Tuesday, 14 April 2015

Accessories for my 1890s Outift - Small Bonnet

As I continue to work on the early 1890s outfit for myself, this week I managed to complete my small bonnet.

I am fairly new to the world of millinery, so made this with the 'Late Victorian Small Bonnet' pattern from Lynn McMasters.

I did start this project with the normal mixture of trepidation and much excitement. Millinery is one of the skills that I really want to get to grips with this year, so it is very satisfying to have made this finally. And it was good to start with a small bonnet first.

I began with the wire base and net option, but really struggled, so gave up and used buckram as the base with a wire rim, and hand sewed the millinery straw onto that. 

Early 1890s Small Straw Bonnet

There is a pattern piece for the pretty ruffled edge (in the magenta silk) included, and I used the purple reverse of the fabric for the second, smaller ruffle inside the first.  I put some sheer wide gold ribbon over the back of the bonnet, and sewed a rosette of brown ribbon to give a little height where the feather rests, and added a brown ribbon bow to the back. I did play about quite a bit with the rest of the decorations. Flowers were added and then unpicked, more forms of decoration were bought, including 2 colours and sizes of feathers.

Early 1890s bonnet with magenta, purple, brown and green.

I really enjoyed making this bonnet. I do have some brown veiling which I might add to it, so may be back with some updated photos. I have just the lining of the bonnet to complete.

My outfit is a spring ensemble in a pale green wool with brown decoration. I hope that this will give the burst of colour that it needs.  My next task is to make a late Victorian purse/small bag. Happy days!

Naomi x

Saturday, 4 April 2015

1790s Early 1800s Antique Extant Regency Era Apron

A couple of years ago I found this incredible Regency era apron on ebay:-

Extant Regency Apron

Occasionally I just find something totally incredible, and this was certainly one of those times. It was in such a dirty, messy state that you could barely tell what it was. 

Antique Regency Apron with Silk Ties
There are a fair few clues that point us to the early Regency period. Firstly the tambour work. This was very popular in the early Regency (the 'sprigged muslins' that we all know so well were sprigs of flower motifs often in tambour work), and during the last quarter of the 18th. The delicate, well spaced out motif on the apron reminds me of the Regency muslin tamboured dresses (and the apron fabric is certainly muslin).  The length and shape also point to the early 19th century- it is 100cm long, quite long for an apron- so perfect for the high waistline of the period.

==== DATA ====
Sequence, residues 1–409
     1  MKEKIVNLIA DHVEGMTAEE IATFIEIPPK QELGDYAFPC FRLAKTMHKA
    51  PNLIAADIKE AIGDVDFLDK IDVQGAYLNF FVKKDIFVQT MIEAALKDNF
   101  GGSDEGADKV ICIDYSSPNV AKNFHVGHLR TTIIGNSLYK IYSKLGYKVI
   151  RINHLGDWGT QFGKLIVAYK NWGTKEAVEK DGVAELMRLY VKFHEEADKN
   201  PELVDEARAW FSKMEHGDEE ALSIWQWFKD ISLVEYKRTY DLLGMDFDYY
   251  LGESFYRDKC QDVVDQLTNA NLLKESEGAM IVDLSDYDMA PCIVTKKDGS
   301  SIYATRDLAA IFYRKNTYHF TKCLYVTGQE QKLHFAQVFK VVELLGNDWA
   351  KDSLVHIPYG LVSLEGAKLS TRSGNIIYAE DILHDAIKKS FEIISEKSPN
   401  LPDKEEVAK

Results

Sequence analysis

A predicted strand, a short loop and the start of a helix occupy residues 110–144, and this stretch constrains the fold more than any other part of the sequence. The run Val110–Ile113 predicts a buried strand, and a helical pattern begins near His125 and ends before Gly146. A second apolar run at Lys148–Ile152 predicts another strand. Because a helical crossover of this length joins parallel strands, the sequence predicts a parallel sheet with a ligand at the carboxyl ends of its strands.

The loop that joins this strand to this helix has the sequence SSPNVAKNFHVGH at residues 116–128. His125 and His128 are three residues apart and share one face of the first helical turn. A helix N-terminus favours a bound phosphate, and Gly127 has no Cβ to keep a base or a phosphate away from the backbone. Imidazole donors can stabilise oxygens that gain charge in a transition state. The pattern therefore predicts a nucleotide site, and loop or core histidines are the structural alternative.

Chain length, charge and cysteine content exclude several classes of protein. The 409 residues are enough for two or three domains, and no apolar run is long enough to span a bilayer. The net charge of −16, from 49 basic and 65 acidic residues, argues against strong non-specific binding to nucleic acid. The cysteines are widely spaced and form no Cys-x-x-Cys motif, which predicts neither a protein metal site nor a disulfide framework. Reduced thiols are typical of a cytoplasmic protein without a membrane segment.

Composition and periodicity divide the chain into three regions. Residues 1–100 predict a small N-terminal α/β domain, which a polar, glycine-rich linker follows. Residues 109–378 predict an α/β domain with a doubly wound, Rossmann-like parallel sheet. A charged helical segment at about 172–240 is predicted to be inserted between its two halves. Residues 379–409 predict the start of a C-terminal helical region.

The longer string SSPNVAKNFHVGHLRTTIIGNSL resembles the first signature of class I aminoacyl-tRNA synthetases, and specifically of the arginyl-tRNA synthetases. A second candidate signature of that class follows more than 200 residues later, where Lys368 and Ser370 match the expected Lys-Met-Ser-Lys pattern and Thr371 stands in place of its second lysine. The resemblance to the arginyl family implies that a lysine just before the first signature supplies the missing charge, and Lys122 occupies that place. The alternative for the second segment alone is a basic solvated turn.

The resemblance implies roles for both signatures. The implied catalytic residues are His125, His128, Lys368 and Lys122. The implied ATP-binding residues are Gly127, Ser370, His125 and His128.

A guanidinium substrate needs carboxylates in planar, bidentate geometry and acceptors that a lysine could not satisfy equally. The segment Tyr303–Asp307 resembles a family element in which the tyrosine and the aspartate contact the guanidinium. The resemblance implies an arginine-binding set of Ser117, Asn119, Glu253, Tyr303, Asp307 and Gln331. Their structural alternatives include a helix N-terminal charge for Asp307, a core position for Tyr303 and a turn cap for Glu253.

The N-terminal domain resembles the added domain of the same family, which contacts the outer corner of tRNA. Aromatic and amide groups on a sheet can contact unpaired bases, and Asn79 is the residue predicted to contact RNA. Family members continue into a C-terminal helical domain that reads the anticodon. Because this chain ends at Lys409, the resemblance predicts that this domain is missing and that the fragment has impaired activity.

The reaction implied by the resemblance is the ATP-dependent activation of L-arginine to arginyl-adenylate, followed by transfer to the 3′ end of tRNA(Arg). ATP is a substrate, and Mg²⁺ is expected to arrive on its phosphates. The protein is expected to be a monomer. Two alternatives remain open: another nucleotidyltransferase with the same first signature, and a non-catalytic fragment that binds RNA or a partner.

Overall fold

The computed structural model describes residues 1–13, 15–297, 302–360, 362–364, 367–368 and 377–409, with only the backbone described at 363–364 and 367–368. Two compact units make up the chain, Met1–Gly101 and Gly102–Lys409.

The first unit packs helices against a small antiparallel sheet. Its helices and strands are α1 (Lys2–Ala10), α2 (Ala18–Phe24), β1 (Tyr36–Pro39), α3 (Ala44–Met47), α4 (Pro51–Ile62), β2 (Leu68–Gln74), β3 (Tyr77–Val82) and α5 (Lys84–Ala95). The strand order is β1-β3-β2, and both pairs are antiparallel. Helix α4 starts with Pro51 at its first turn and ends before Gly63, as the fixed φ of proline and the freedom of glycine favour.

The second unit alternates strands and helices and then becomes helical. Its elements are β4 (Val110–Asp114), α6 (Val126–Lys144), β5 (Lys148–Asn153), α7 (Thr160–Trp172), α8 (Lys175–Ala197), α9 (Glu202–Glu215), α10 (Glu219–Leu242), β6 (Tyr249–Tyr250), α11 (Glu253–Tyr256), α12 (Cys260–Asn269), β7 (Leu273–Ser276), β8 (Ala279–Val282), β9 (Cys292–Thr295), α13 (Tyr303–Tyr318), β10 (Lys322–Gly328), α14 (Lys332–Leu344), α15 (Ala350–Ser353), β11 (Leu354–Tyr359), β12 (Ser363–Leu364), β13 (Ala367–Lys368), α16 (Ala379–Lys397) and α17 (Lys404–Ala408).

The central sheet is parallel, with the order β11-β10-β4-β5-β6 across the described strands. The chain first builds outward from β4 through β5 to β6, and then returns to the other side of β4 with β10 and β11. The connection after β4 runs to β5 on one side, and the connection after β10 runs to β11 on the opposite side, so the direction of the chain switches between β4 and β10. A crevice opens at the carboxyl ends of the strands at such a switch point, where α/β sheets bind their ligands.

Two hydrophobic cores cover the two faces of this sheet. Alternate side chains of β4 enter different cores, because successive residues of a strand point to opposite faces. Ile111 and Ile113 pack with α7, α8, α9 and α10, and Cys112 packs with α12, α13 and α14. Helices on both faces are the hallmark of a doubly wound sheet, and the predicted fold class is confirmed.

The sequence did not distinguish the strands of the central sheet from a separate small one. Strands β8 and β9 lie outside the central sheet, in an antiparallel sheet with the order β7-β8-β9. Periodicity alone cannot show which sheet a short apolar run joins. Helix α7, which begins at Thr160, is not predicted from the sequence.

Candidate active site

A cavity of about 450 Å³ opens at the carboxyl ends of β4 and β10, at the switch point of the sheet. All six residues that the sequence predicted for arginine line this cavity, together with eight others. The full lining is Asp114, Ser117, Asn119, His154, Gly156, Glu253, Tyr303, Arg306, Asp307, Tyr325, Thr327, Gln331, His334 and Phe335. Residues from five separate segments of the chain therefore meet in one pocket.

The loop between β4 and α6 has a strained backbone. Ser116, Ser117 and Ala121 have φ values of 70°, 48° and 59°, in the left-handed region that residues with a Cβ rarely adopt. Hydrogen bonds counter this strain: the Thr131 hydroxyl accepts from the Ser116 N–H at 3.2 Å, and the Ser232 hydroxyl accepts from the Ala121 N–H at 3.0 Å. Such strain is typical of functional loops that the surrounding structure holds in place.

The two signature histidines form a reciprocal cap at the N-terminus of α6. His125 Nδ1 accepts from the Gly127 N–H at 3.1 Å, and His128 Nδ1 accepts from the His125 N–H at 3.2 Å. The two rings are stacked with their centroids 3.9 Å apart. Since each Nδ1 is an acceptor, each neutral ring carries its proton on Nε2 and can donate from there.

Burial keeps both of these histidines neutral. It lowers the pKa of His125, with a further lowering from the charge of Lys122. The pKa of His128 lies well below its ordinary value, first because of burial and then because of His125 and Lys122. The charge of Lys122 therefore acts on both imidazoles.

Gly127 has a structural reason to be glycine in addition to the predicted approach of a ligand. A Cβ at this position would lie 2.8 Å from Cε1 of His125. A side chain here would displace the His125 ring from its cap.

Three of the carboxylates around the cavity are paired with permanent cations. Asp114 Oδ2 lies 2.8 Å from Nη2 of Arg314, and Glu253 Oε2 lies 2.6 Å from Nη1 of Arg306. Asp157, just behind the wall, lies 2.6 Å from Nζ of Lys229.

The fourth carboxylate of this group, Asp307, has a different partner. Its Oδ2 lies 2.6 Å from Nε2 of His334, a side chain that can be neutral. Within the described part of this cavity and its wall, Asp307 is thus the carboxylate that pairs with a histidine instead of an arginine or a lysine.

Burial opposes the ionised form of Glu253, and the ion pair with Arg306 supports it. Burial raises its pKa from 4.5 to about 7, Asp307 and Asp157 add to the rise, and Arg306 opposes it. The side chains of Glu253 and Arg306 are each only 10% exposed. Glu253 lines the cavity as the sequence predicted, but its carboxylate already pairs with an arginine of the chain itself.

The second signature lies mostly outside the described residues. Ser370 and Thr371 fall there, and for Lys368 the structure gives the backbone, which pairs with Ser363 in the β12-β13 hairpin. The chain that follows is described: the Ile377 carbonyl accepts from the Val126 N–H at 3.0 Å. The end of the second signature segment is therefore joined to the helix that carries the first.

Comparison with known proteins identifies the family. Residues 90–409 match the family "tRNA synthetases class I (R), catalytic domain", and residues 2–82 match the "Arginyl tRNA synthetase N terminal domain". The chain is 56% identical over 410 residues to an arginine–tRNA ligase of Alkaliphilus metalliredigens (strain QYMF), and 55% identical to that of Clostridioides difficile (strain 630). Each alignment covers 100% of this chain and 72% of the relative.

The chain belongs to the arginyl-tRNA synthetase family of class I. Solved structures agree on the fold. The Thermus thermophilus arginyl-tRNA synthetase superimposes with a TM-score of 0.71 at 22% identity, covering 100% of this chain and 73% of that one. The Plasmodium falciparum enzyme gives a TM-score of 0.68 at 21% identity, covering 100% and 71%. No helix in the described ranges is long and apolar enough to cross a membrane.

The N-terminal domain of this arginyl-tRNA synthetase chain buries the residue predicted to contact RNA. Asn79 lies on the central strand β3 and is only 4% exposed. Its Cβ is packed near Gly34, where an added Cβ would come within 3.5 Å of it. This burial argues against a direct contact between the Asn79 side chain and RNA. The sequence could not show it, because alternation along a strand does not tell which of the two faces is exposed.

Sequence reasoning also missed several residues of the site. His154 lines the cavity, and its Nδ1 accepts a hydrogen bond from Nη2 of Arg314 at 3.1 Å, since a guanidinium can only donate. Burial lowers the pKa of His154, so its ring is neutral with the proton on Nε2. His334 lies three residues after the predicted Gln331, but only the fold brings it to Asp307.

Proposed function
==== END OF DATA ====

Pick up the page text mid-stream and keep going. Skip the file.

In my opinion, it is most likely that the fabric came from a 1790s dress, which was then re-purposed and was made into an apron. There are sections of silk fabric which have been added to both ends of the waistband, and the centre join down the middle of the apron show that this is certainly an item that had been pieced together from some other article of dress or textile. The waistband is made from the same fabric as the body, and cream, silk sections of 8 1/2" have been added to each end. The flower motifs are stitched in pink, blue, and white, with drawn thread-work in the middle of some of them- it is quite remarkable. Some of the fabric has been gathered in to the waistband, at the middle and on either side a little away from that main part. A cotton fringe adorns the apron edges.

Tambour work was introduced to Europe around 1760. The embroidery is applied with a small hook, creating a chain stitch effect on the top side, and leaves a small series of straight stitches on the reverse.

Details of Tamboured Regency Apron

Measurements:
Length including waistband and fringe~ 39"
Width at bottom~ 60"
Width of waistband~ 1 7/8"

This piece is in incredible condition considering that it is (at least) over 200 years old. The muslin is very fine and delicate, and is a greyish colour. In its day it would have been a wonderful bright white. It has had a gentle wash. I have very carefully combed the cotton fringe, as it was quite tangled. The tambour work has sadly lost some of its colour. I have sewn some of the bottom fringe back onto the hem of the apron, as a few inches had come adrift and were hanging down. There are some antique darns to the apron- 2 large ones at the top, which are mostly hidden by the gathers there. There is another, larger darn which can be more easily seen a little further down on one side. There are also a few small holes, and pulls along the hem of the apron, which I have left, due to wanting to keep the apron as un-touched by modern hands as possible.

This rare apron can be purchased here

Happy Easter all! If you don't celebrate Easter, then Happy Bank Holiday weekend.
Naomi x